My homeschool co-op classes had a lot of fun creating this April calendar to hand out at our end-of-semester party on Friday. It’s not as easy to read as a traditional calendar — it is more like a puzzle. The expression in each square simplifies to that day’s date, so families can treat each day like a mini-review quiz: “Do you remember how to calculate this?”

Download your own copy:

If you’ve been wanting to start your own math club, you will find plenty of helpful ideas here:

## Update

Check out my May Math Calendar post for more ideas about how to use these puzzles.

Oh my gosh, I don’t know why, but this tickled me! A lot of my students’ parents are highly educated, so I think I may pass out this calendar (with your URL at the bottom, of course, so they can visit you themselves) as a little April Fool’s gag. I teach two- and three-year olds, so to tell their parents that we’ll be working on those skills for the next month would be fun.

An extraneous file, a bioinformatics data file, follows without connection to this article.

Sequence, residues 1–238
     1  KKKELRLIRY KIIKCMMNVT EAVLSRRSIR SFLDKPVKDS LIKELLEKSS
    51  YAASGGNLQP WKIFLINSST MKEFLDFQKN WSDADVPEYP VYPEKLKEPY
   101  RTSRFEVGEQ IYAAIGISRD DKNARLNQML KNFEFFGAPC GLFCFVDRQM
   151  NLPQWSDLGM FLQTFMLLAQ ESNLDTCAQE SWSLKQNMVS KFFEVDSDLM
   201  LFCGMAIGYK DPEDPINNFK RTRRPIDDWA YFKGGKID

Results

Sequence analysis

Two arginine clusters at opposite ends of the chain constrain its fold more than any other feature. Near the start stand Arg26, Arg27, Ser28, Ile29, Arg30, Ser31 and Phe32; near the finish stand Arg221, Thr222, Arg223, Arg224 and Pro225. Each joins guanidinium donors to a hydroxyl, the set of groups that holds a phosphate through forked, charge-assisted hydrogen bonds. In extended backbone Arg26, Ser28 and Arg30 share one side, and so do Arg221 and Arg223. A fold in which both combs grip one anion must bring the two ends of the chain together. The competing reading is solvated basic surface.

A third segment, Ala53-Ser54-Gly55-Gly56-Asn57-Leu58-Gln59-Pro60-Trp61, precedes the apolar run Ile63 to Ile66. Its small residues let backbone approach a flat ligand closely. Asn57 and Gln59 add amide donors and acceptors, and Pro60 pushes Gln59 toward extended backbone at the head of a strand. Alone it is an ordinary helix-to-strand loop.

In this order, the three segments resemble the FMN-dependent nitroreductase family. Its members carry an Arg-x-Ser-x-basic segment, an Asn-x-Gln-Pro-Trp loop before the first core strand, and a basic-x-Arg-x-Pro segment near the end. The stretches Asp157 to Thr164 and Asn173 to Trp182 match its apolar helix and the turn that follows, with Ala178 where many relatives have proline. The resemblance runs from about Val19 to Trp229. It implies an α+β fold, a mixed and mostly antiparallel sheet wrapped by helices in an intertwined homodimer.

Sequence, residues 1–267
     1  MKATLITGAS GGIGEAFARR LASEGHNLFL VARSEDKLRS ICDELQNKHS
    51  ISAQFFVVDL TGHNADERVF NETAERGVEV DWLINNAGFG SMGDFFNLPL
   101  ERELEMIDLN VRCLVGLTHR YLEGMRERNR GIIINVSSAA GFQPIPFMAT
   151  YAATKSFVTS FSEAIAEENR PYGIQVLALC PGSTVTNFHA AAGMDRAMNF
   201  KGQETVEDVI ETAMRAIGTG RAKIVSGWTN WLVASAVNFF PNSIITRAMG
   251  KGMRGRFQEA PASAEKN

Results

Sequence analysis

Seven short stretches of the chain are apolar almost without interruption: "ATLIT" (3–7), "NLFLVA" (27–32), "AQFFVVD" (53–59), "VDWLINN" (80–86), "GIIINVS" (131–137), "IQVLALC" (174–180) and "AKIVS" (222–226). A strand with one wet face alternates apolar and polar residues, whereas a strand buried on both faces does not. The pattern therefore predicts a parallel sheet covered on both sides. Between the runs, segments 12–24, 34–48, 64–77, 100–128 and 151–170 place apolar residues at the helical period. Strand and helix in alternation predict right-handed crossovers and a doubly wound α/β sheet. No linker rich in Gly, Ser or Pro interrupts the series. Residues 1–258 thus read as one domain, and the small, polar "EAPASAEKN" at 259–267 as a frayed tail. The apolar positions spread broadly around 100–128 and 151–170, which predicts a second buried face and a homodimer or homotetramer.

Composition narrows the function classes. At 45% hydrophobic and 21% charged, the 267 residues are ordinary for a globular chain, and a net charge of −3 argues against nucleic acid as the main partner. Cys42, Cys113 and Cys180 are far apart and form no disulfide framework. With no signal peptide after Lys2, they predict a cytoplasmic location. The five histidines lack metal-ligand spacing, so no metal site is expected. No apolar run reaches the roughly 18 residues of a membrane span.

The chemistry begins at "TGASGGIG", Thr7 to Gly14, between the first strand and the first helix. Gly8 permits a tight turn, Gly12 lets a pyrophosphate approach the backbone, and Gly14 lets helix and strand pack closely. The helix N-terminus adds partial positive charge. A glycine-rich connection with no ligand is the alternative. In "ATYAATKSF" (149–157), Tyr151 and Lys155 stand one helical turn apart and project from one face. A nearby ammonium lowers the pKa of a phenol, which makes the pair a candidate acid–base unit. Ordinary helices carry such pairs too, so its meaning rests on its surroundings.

I love your blog, by the way. I don’t comment much but I follow because I like math. Thanks for all you do.

That’s so fun! What a great idea.

Thanks for the reminder, Patti! The pdf file now includes a copyright notice at the bottom with a link to my blog. Of course, you are welcome to copy out as many as you want for family, classroom, math club, or whatever personal or educational use.

Hey guys,

Thanx heaps for your blogs. I have been using it as well. I find them very useful. By the way I am from Sydney Australia.

This is great! Thank you so much for sharing it. I am going to hang it and have the picklets do one each day as a “challenge”.

Gerky

I also liked this the moment I saw it. Another way to use it would be to get the kids to produce a blank calendar and a seperate list of the questions in jumbled form and then get their class mates to insert them on the calendar in their correct positions!

Hi,

I hope you do the calendars every month. The April one was sent to me which is how I found out about this website and we love it.

Thanks,

Theoni Pappas has already done this:

The Mathematics Calendar 2009: Glimpses Below the Surfaces of Mathematical Worlds

Math-A-Day: A Book of Days for Your Mathematical Year